Friday, March 27, 2009

Porky The Puppy and Bandits at 12 O'Clock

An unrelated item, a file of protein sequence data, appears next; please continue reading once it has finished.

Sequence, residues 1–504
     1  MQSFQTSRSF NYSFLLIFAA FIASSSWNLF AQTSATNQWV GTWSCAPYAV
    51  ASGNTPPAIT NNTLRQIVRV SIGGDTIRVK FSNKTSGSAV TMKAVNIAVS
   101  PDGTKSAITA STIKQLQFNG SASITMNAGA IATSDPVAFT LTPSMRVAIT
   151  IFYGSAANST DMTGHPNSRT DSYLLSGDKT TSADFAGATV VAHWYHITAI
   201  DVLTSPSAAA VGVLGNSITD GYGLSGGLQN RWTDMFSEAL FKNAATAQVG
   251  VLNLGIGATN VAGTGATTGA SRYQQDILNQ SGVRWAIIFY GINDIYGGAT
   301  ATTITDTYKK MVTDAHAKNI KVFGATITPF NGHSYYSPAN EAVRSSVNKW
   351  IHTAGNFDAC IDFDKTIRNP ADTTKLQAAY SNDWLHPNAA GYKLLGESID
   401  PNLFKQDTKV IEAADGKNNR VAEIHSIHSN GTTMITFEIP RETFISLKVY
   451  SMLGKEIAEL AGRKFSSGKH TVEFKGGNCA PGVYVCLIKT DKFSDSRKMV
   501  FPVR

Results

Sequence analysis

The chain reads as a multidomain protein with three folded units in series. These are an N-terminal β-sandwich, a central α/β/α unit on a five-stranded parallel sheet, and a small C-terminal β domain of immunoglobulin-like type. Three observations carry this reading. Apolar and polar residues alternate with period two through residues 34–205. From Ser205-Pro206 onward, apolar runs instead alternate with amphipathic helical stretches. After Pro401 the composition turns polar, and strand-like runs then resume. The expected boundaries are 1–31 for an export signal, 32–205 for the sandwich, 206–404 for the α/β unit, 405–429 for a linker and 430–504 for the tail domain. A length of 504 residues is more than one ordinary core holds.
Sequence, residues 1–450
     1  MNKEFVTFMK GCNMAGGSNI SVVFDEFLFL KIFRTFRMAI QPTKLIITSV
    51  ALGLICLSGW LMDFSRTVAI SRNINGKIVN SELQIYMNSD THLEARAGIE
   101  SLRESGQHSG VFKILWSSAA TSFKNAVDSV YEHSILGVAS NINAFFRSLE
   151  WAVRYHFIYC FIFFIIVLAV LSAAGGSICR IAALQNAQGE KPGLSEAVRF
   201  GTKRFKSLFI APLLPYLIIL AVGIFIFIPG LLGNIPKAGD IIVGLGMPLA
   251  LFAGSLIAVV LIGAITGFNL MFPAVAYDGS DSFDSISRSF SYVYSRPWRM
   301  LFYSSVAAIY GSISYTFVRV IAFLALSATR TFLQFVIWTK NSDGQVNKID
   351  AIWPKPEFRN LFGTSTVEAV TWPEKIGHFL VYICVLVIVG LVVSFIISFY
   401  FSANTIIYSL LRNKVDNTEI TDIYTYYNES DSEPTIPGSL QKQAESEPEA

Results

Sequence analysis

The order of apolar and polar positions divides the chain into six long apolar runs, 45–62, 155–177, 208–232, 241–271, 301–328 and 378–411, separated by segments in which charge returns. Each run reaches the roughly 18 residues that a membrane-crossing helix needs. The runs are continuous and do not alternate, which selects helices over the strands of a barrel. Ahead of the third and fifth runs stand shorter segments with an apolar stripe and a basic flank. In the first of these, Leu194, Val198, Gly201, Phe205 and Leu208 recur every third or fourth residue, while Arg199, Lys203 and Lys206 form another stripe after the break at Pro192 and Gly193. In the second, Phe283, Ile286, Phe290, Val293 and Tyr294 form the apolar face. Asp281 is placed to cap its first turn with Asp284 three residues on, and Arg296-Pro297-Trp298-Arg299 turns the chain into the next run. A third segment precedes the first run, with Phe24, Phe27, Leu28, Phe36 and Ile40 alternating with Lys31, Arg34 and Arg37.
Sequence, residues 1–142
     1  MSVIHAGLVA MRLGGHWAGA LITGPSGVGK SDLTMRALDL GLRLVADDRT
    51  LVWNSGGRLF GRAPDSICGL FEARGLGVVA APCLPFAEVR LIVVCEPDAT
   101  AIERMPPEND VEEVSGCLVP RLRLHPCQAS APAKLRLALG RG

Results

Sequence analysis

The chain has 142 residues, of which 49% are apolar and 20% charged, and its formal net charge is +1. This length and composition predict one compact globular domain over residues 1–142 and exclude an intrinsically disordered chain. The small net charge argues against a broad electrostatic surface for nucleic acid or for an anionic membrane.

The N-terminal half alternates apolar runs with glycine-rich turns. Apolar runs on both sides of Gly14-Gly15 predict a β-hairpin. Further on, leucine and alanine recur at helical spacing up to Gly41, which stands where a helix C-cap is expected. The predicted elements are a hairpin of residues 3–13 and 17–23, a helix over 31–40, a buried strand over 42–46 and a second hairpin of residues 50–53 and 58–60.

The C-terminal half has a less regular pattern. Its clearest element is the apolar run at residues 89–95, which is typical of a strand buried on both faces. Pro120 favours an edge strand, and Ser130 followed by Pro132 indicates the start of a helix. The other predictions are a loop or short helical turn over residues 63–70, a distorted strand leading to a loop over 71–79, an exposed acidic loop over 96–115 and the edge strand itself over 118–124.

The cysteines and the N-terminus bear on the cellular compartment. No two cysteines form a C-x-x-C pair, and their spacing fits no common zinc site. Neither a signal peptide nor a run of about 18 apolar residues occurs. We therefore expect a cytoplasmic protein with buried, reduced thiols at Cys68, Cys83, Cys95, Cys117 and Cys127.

Cyber Hair in Kingston - where I get my hair cut, and when I say cut, I mean shorn like page 6ix of the army handbook and when I say hair, I mean my own singular hair and when I type like this I feel like I'm doing a Foghorn Leghorn impression - is a vacuum of intellectual thought. The people in there are very nice, very pleasant, but speak in strange hairdresser formed sentences, all about weekends and travel and weekend travel. I think it's just page one of the hairdresser handbook, until you can form a question which will lead to leisure time discussions, no scissors for you. I must admit, I keep myself from laughing - much like yesterday when I was having a serious conversation with someone while She Bangs by Ricky Martin was on in the background - every time a difficult conversation tangent, say, football, is fobbed off with oh my boyfriend knows all about it and then silence. Should I say hows your boyfriend? Is that weird? I never know what to do when the boyfriends love of Essendon is brought up. So many handbooks apparently, army, hairdresser, the reactive...I miss the good old days of Swannie in Penguin, a good old fashioned hairdresser. Actually, what am I talking about, he nearly cut my ear off once and used to play old Scottish records from the 50tys, it was shit in there. The musk sticks weren't that great. I've mentioned before the heady winter of 1996 when I thought I had an intellectual soulmate in my hippy hairdresser in Burnie until she buggered off to live in a caravan with her boyfriend and suddenly sounded like the kind of person impressed with a souped up Rav 4 and her Tolstoy quotations were suddenly less impressive and felt like shtick taken from the back of a book in the library. Oh fickle fate, how you mock me as the tram lines are shorn into my head. It's why my conversation is less than animated with the hairdressers, I don't want to get involved, I don't want to lose my heart, or my ear. However, my own mother has the last word on interactive snipping. Once she got caught up in a conversation about family - the family of my Mother made up more or less of 13teen redoubtable Glaswegian children, all brooded over by my quite fearsome Granny, and my Grandad, auditioning successfully for the role of most drunken Glasgow stereotype of 1954. Times were tough, in fact so tough I used to ask my Mum why she never wrote one of those poor is me books, and the reason is her family would say she was soft, and she was the youngest of the kids and the most spoiled, at least comparitively. The last broken biscuit in the tin made you a spoiled wee brat in 1963. Having brought up her family, the blonde in the hairdressers - I should point out, one of my best friends types, if you can have a type, because he couldn't care less about conversation while I would just despair I suspect - let the wind whistle through her head and asked if it was a problem having so many brothers and sisters running into her room and pinching all her stuff. She didn't have the heart to tell her that to pinch her stuff would have required simply rolling over in bed and reaching out and grabbing it since the "weans" were all pushed into one room. Such a revelation of a spoiled only child might inspire a head to the hand, a mock swoon and some sort of oh my god the deprivation motion, but to the hairdresser, it took several minutes to process the logic of such conditions, and even then, Mum said it didn't really sink in that Mums family didn't live like Von Trapps in some fabulous mock tudor mansion, but in a tenement in Pollok, crammed together, trying not to get on each other nerves - unless it was on purpose, and they wanted to tell Mums sister that on her first day at school, she was going to be left at the school and collected by the parental unit after 14 years continuous hard labor...